Cardiac remodeling in response to a myocardial infarction or chronic pressure-overload is an independent risk factor for the development of heart failure. In contrast, cardiac remodeling produced by regular physical exercise is associated with a decreased risk for heart failure. There is evidence that exercise training has a beneficial effect on disease progression and survival in patients with cardiac remodeling and dysfunction, but concern has also been expressed that exercise training may aggravate pathological remodeling and dysfunction. Here we present studies from our laboratory into the effects of exercise training on pathological cardiac remodeling and dysfunction in mice. The results indicate that even in the presence of a large infarct, exercise training exerts beneficial effects on the heart. These effects were mimicked in part by endothelial nitric oxide synthase (eNOS) overexpression and abrogated by eNOS deficiency, demonstrating the importance of nitric oxide signaling in mediating the cardiac effects of exercise. Exercise prior to a myocardial infarction was also cardioprotective. In contrast, exercise tended to aggravate pathological cardiac remodeling and dysfunction in the setting of pressure-overload produced by an aortic stenosis. These observations emphasize the critical importance of the underlying pathological stimulus for cardiac hypertrophy and remodeling, in determining the effects of exercise training. Future studies are needed to define the influence of exercise type, intensity and duration in different models and severities of pathological cardiac remodeling. Together such studies will aid in optimizing the therapy of exercise training in the setting of cardiovascular disease.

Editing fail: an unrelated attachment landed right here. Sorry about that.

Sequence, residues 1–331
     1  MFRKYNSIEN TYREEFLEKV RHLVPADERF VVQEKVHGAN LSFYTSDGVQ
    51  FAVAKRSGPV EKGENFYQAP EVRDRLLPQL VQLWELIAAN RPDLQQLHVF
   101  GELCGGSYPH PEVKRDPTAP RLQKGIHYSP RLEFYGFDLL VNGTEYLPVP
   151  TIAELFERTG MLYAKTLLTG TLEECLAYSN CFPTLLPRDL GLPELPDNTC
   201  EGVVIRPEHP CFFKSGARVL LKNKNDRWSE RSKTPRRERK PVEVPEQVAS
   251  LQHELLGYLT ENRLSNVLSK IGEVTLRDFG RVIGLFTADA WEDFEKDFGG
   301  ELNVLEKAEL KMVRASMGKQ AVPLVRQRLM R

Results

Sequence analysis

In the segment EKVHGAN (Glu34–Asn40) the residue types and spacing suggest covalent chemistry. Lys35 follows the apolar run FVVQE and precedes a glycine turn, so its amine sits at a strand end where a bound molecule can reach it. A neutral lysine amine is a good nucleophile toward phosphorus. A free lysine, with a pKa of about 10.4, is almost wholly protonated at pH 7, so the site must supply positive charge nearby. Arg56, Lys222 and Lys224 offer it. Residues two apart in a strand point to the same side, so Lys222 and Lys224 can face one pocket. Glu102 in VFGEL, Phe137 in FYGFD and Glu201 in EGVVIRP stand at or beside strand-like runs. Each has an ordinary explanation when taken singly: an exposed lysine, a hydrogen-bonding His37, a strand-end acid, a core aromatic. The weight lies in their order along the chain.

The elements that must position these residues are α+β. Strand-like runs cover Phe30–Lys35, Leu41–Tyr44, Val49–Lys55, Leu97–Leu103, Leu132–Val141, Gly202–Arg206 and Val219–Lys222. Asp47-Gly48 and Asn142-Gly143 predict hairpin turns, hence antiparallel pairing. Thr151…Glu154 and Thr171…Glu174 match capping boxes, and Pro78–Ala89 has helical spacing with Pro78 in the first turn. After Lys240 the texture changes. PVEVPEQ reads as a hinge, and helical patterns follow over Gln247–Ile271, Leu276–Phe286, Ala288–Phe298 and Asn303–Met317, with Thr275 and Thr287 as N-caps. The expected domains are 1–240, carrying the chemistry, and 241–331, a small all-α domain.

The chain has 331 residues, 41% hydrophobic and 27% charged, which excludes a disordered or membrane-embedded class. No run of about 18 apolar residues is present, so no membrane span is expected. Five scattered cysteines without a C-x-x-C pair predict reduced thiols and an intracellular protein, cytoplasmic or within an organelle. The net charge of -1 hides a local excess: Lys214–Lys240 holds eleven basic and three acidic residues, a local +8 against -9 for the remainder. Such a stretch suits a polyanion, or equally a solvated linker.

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doi.org/10.1007/s00424-014-1464-8, hdl.handle.net/1765/65457
Pfluegers Archiv: European journal of physiology
Department of Otorhinolaryngology

Duncker, D.J.G.M, van Deel, E.D, de Waard, M.C, de Boer, M, Merkus, D, & van der Velden, J. (2014). Exercise training in adverse cardiac remodeling. Pfluegers Archiv: European journal of physiology (Vol. 466, pp. 1079–1091). doi:10.1007/s00424-014-1464-8